A polymer subject to repeated compression, stretching, twisting or shearing, gradually degrades because applied load accelerate scission of backbone bonds1. Such “mechanochemical” degradation is universal to all known polymers,2-4 which explains the contemporary fascination with the small number of polymer mixtures in which mechanical load can initiate a sequence of chemical reactions that form new covalent bonds faster than the load breaks them5. This so-called constructive remodeling6 constitutes a potentially effective approach to autonomously reinforce over-stressed volumes of the loaded material that are at the highest risk of failure.
Although the existing realizations of this constructive remodeling demonstrate the power of chemical design, they have yielded no generalizable insights into what molecular and macroscopic factors determine whether bond fracture or bond formation wins and how. The common criticism of the demonstrated constructively remodeling polymers focuses on their extraordinary costs, suboptimal mechanical properties and processibility, and impracticality of materials saturated with small-molecule co-reactants. A more fundamental problem is mechanistic intractability of such materials, which has stymied efforts to extend constructive remodeling beyond proof-of-the-concept demonstrations.
We recently described7 a general, quantitative molecular model of constructive remodeling and simple strategies of controlling its course. We exploited the mechanistic tractability of the hitherto-unknown approach to constructive remodeling, in which new bonds are formed by macroradicals produced by mechanochemical fracture of simple hydrocarbon backbones. The relative simplicity of this chemistry allowed us to overcome the three main barriers that have so far precluded a hypothesis-driven design of practically useful polymers that counteract mechanochemical damage in real time at the molecular level. First, it provides a framework for quantitative molecular analysis of mechanochemical remodeling of bulk polymers in general. Second, it defines structural and kinetic parameters that control if remodeling is constructive or degradative, regardless of the underlying chemistry. Third, it demonstrates a strategy of exploiting mechanochemical chain scission, which is unavoidable in any polymer under load, to strengthen the material without the need for complex network architectures, labile monomers and multicomponent mixtures that so far have been thought to be required to achieve it.
Fragmentation of backbones is the most common reaction triggered by overstretching a macromolecule,3 and it always degrades the properties of the polymer because it shortens polymer chains. The most ubiquitous backbone bond in synthetic polymers, a single C-C bond, usually breaks into a pair of macroradicals. Previously, such mechanochemically generated macroradicals were used to initiate radical polymerizations of reactive olefins, such as styrenes or acrylates.8 Exploiting this approach required either decorating backbones with these reactive groups or swelling polymers in liquid monomers. Neither is practical and complicates mechanistic understanding of the reaction networks created by competition between macroradical-generating chain fractures and macroradical-triggered chain growth.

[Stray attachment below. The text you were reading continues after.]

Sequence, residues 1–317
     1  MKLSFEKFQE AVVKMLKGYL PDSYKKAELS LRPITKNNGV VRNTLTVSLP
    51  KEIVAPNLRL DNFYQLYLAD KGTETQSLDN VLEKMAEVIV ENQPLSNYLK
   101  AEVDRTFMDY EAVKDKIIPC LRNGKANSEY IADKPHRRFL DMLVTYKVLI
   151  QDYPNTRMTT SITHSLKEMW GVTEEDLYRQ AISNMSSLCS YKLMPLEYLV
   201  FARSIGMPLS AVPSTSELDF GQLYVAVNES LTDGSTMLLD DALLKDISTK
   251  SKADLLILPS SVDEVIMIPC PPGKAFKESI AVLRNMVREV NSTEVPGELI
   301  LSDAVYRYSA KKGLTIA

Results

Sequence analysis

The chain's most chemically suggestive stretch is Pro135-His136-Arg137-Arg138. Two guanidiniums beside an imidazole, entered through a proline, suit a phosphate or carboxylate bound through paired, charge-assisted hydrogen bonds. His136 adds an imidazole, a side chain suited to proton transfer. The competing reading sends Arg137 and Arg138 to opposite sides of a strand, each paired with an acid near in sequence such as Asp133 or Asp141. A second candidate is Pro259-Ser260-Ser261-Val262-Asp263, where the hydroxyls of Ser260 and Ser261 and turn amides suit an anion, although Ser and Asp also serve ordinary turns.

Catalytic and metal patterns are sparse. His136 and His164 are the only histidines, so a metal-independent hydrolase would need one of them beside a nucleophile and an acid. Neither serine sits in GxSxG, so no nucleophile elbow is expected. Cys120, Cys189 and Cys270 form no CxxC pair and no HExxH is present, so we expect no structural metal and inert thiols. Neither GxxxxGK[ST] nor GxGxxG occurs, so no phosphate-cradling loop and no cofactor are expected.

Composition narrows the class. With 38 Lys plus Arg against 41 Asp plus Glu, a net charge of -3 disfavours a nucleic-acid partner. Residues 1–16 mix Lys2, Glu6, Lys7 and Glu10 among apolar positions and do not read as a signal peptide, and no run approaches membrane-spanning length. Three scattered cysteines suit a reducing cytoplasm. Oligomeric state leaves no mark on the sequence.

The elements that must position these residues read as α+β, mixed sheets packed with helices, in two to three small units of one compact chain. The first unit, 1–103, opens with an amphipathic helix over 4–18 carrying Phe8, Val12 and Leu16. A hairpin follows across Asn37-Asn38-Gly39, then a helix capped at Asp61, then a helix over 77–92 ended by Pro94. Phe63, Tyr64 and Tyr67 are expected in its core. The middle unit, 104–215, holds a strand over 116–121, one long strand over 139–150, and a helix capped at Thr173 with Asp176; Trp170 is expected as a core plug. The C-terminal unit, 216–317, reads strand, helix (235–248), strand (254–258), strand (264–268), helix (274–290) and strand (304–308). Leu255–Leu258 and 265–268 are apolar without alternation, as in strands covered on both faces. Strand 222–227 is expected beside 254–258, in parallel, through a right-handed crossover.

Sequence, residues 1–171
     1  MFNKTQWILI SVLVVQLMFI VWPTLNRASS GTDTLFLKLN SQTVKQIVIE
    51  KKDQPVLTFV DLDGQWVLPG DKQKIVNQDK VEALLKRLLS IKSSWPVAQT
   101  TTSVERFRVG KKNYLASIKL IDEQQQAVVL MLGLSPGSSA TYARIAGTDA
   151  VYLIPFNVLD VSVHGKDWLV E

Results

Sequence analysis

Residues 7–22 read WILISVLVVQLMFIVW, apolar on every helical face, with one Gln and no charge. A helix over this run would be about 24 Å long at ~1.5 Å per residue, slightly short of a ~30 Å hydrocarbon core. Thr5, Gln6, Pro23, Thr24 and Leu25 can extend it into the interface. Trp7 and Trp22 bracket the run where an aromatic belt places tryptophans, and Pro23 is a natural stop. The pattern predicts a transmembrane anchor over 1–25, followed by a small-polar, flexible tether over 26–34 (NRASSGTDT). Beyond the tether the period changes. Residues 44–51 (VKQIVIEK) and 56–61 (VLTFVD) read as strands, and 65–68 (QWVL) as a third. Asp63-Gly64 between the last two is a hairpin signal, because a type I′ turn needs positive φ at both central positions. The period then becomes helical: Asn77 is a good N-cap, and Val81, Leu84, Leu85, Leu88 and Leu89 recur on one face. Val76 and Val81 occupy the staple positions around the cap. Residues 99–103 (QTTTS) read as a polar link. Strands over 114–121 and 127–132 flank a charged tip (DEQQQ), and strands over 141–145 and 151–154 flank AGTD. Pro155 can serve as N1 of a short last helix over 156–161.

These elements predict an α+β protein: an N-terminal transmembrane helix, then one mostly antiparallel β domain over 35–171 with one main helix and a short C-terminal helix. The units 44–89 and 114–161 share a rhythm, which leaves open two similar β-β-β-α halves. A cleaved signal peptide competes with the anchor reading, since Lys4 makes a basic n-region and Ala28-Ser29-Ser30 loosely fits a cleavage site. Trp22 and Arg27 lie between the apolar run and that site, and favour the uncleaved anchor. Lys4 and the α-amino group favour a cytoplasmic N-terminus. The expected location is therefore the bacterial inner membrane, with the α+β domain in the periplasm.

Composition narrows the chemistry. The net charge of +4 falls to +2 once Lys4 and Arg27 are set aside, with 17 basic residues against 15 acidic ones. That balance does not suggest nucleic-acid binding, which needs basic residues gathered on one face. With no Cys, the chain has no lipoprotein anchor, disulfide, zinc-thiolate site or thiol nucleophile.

An alternative approach is to coerce C=C bonds already present in polymers to sustain a radical C-C bond-forming chain. A diverse class of polymers of enormous commercial importance, such as polybutadiene, have C=C bonds in abundance, but they have been assumed to be too inert to be useful for constructive remodeling. Yet, the challenges of quantifying the molecular kinetics, much less reaction mechanisms, in bulk polymers mean that these assumptions have never been properly tested. A constructive-remodeling approach reliant on C=C bonds potentially overcomes all major deficiencies that bedeviled the approaches reported so far to the design of molecularly self-reinforcing polymers. First, it yields new bonds practically indistinguishable from the failed bonds, minimizing the degradation of properties. Secondly, it eliminates the problem of reactive-group depletion, which limits the total (or “accumulated”) load that a polymer can withstand before failing catastrophically. Third, it relies on polymers already very familiar to industry, which makes them an ideal starting point for integrating constructive remodeling into existing and emerging engineering materials. The outstanding challenge is to enumerate the general molecular mechanism of such remodeling and factors that control the rates of spontaneous regeneration of C-C backbones under mechanical load. Our paper7 provides the conceptual and technical tools to do so and applies them to a representative example of an unsaturated polyolefin, a random copolymer of styrene and butadiene (structure in Fig. 1a).